The president, whose historic 2008 run for office invoked the idea of hope, also heard some viewers' desires for the future, including the wish that the next generation of schoolchildren will have better teachers.

"That's one of my greatest hopes," Obama agreed, citing the need for improved conditions for educators. "We've got to make sure that teachers are respected, that they are rewarded, that young people like yourself who have talent and want to work with people, that you're able to support yourself and live out a great life being a teacher."

A tweeter who resides in southern New Jersey lamented the easy access to weapons and hoped that crime among young people could be reduced in the future.

"Obviously, school violence is still a big problem," Obama responded. "We're spending a lot of time, the Department of Justice, working with local school districts to figure out how can we keep guns out of the hands of kids. It's a top priority, especially in a lot of urban districts."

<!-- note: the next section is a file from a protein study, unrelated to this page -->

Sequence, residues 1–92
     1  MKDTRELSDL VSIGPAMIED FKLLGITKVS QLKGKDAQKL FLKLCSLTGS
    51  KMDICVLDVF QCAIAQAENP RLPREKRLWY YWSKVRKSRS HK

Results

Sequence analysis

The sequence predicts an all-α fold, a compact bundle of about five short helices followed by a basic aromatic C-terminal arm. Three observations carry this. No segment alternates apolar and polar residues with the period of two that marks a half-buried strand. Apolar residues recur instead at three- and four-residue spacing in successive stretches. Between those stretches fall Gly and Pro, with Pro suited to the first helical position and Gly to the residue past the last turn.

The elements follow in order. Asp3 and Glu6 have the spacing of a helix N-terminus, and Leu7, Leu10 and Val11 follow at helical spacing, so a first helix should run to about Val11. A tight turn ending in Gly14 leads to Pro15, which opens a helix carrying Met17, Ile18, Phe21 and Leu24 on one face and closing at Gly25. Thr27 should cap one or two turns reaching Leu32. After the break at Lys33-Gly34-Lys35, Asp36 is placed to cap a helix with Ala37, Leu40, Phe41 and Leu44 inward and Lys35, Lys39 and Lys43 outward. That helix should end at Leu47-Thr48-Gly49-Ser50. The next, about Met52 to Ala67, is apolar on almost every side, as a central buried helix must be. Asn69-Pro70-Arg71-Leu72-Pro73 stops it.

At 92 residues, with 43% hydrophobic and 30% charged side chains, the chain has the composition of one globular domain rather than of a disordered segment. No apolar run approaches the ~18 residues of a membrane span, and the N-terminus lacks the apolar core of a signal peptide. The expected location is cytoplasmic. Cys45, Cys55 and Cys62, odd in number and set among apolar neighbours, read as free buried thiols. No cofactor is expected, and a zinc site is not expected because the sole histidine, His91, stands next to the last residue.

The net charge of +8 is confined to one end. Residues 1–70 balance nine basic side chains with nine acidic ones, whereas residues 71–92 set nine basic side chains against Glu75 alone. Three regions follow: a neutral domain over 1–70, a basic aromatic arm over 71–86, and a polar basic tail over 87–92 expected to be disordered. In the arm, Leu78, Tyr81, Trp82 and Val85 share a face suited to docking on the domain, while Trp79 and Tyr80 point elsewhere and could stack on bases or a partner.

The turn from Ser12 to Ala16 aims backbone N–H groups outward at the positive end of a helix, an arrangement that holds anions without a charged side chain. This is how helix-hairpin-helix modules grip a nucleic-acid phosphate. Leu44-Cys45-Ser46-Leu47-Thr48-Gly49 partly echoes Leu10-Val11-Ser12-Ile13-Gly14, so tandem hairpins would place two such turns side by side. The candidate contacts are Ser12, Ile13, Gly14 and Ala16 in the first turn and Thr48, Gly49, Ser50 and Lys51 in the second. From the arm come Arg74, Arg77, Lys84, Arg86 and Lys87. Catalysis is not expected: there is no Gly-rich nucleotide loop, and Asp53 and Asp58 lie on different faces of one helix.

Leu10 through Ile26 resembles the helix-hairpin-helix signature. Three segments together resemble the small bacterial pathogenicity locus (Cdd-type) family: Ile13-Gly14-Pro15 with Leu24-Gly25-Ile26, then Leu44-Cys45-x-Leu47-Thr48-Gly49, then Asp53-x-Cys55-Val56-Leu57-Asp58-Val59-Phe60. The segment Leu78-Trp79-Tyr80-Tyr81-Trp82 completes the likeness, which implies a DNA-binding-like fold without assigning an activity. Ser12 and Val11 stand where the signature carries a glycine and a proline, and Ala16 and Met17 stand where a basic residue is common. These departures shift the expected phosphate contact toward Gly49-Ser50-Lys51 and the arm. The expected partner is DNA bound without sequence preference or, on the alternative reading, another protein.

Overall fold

Next, a student at historically black institution Howard University posed a question about increasing the rates of black men in college and decreasing the number of incarcerated African-American males. Continuing a theme he had touched on throughout the forum — from the cost of college to investing in public school teachers — the president linked the current plight of young black men back to education.

"African-American boys oftentimes fall behind in school early, start feeling discouraged, check out, drop out, end up on the streets and then get into trouble. If we can make sure that young [boys] starting at the age of 3 or 4 already know their colors and their letters and get [into a] good preschool, and by the time they get into school they've got a good teacher and are getting the support that they need and are able to keep up with their class work ... that is gonna do more to reduce the incarceration rate at the same time, obviously, as it increases the college-enrollment rate," he explained. "That's why we've got to prioritize education going forward."

Did President Obama address any of your hopes and fears in the forum? Let us know in the comments!